For example, increasing bullet mass, like you're asking, means an increase in chamber pressures, especially if you're intending to maintain bullet velocity. You can't do this if you're already operating at the limits of your design chamber pressures. So using a harder alloy, or a jacket round, which will help maintain bullet geometry and integrity upon impact with the target, could be used as a means for better penetration.

Altering the shape of the bullet can also be used to increase penetration. A more conventional, round-nosed bullet shape instead of a blunt nosed slug, for example. Combining this with different compositions of alloys and jacketing can improve upon this further.

But in every case, you have to obesrve the limitations of the firearm itself.

When I was in the Navy, one Sailor in my division was from Louisiana; and he once talked about how crazy some Cajuns were (his term was not "Cajun"...I'll leave it at that.) Specifially, he was talking about how they would chamber .44 Magnum rounds in their .410 shotguns on a routine basis.

To say that this is moronic would be the understatement of the year.

As Sam1911 pointed out, some people have attempted to address the very problems you've pointed out already. But you'll have to search for them to find them, because most stores don't carry much more than the conventional, higher-demand shotgun ammunition. Specialty stuff has to be ordered or obtained from a place that carries such stuff on hand.


@ Sam1911:

Thanks for that link! I had never known someone designed such a round for the .410! Not that I'll ever be likely to use it...I'm more of a small game, varmit hunter when it comes to the .410.

:):)

Sam1911
July 13, 2012, 10:47 AM
That's exactly what I'm talking about! There is no excuse for something like this to not be factory loaded.


Oooooh, sure there are excuses! For one, some of the loads they sell are only advertised as safe in their specific barrels. Second, there's lots of old .410 guns around, and also the Judge and Governor handguns now. Hoening says these are loads tested to be safely within SAAMI spec for .410s, but I don't know that Taurus, or even S&W, will be happy about those loads in their revolvers. And I'm sure there are several milliion .410 single-shot "toppers" out there which might not digest these with ease.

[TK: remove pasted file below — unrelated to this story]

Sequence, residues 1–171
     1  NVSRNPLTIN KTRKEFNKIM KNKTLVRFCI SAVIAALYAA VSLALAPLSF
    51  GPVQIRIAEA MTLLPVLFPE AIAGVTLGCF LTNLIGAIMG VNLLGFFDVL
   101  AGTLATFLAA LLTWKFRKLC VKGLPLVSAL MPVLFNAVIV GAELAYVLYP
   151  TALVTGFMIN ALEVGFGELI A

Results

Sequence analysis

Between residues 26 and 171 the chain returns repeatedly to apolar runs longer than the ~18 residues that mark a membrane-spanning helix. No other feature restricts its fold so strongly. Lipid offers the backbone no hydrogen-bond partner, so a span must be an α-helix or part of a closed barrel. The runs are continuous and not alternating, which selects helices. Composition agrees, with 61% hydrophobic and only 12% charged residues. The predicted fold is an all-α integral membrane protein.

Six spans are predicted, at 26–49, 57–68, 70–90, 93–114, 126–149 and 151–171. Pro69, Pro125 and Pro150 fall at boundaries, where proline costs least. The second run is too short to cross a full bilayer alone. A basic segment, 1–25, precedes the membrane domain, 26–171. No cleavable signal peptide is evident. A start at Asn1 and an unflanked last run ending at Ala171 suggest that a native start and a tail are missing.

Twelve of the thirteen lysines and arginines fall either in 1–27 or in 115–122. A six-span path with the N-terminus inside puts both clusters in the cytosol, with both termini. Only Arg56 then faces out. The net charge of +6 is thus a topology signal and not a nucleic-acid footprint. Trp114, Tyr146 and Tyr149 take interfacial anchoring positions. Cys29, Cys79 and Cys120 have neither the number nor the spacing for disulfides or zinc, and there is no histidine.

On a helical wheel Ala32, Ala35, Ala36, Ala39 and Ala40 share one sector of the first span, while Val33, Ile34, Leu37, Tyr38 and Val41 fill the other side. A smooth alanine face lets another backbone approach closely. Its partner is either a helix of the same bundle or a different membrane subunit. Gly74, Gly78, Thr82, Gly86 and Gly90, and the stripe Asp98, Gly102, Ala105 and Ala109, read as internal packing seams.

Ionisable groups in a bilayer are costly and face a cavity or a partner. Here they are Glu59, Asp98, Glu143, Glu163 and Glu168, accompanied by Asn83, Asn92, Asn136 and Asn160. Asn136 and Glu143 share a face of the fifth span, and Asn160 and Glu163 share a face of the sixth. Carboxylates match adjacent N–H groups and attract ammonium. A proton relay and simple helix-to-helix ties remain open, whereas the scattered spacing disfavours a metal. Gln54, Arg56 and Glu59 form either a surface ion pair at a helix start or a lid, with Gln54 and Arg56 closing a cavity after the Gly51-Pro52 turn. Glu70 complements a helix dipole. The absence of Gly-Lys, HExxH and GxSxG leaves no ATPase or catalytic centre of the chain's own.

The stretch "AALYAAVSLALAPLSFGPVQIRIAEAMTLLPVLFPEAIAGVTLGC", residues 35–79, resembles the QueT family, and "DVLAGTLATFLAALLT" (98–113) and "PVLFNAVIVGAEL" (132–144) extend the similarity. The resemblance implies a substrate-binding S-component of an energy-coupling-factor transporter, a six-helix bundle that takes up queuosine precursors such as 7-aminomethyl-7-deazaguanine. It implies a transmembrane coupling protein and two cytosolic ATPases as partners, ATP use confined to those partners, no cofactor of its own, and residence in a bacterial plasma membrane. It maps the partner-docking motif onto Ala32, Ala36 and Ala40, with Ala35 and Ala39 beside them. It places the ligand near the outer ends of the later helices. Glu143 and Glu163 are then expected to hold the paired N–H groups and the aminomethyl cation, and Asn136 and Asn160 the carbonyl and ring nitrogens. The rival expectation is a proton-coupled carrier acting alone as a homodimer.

Sam1911
July 13, 2012, 10:52 AM
Now some people would like to continue the reverse engineering process and attempt to ramp up the performance of the .410 to what amounts to a more "rifle-like" performance. Only now they're hampered because of the design limitations of the shotgun itself; because, unlike a rifle, shotguns which are designed to be shotguns aren't capable of handling the chamber pressures required to obtain more rifle-like performances from a slug.


True, but like Ed Hubel with the "12 Ga. Rifle from Hell" (http://www.thehighroad.org/showthread.php?t=178655) project has determined, safe chamber pressures can still be maintained using FAR more energetic combinations of slow powders and heavy slugs than folks ever bothered to consider before. As you're kind of saying, that wasn't "the point" of a shotgun, really, until someone got bored (or whatever :)) and decided to sit down and do the math and explore what could be possible.